Rivers of cars and trucks compressed
between houses stacked like cordwood,
between parking lots and mini-malls
ready to serve anonymous strangers

usurp more earth, sterilize and seal it
from the sun and rain—level the landmarks
for living histories of neighbors and families
lending a hand, sharing labor, teaching

one another how to give and live together
without the siren’s wail I hear
in the shrinking distance—from the lights
at night that blot out constellations.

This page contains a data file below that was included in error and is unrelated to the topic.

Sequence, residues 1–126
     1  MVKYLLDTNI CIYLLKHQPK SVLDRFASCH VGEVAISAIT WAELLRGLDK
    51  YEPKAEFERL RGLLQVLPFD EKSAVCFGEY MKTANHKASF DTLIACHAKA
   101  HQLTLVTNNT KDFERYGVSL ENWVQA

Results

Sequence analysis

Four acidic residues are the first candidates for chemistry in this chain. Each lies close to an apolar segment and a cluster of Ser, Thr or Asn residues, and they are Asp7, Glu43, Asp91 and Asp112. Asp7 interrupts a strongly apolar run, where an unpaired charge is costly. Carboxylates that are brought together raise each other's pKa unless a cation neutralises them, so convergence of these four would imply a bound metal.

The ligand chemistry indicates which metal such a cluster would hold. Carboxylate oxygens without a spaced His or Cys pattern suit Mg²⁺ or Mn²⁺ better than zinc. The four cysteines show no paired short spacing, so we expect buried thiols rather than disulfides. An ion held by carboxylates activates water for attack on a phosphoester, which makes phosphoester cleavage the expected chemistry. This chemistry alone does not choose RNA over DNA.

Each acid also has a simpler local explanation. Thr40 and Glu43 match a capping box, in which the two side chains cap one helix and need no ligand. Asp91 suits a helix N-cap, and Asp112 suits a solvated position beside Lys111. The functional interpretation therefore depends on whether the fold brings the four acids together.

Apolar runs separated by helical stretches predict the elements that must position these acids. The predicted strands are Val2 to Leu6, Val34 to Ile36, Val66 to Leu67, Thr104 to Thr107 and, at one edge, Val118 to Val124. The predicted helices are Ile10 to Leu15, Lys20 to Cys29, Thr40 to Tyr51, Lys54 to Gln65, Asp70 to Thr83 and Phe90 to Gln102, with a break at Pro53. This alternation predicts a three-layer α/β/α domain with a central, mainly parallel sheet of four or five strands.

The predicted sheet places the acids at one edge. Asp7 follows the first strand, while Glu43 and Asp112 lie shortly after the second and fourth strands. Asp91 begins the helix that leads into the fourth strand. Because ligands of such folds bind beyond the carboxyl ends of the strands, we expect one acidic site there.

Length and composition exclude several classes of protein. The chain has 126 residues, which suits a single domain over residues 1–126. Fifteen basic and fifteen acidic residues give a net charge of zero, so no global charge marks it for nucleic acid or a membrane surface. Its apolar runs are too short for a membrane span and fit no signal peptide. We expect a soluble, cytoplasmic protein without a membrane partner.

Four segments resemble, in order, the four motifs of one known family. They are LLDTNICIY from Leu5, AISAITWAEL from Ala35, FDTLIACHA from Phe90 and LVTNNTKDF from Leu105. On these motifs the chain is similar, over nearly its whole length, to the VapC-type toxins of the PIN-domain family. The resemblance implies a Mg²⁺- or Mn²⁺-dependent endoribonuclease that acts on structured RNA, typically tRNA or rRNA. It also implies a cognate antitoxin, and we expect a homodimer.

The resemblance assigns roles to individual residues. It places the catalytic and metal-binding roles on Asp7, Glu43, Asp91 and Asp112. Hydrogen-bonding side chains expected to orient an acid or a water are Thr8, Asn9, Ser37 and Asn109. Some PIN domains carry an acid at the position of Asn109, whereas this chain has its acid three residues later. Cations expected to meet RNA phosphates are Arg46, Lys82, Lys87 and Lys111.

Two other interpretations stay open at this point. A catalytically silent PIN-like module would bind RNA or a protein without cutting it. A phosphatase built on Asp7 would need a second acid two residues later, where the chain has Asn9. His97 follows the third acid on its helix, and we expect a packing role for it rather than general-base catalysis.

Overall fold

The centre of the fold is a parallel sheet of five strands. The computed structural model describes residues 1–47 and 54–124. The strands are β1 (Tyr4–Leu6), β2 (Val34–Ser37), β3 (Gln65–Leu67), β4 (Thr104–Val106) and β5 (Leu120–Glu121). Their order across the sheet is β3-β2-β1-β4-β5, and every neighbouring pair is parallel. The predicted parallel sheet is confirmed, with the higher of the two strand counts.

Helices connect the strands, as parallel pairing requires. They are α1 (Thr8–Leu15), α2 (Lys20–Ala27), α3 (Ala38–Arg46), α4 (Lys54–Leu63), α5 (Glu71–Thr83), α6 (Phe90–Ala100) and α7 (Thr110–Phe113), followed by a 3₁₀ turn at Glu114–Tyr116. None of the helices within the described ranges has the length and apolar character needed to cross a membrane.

My anger has become a sad acceptance
of human ambition, the relentless waves
of wealth and debt that may go hungry with
no landscapes left to feed their souls or flesh.



  1. What a truthful storyline!

    Liked by 1 person

  2. Superb!

    Liked by 1 person

  3. Janice Gilbertson

    I feel every word. Sad . . .and true.
    I sure look forward to your Elko workshop!

    Liked by 1 person

  4. Well said, John. It saddens me to no end that agriculture seems to come last. Who cares? We can buy our food at the grocery store…

    Liked by 1 person

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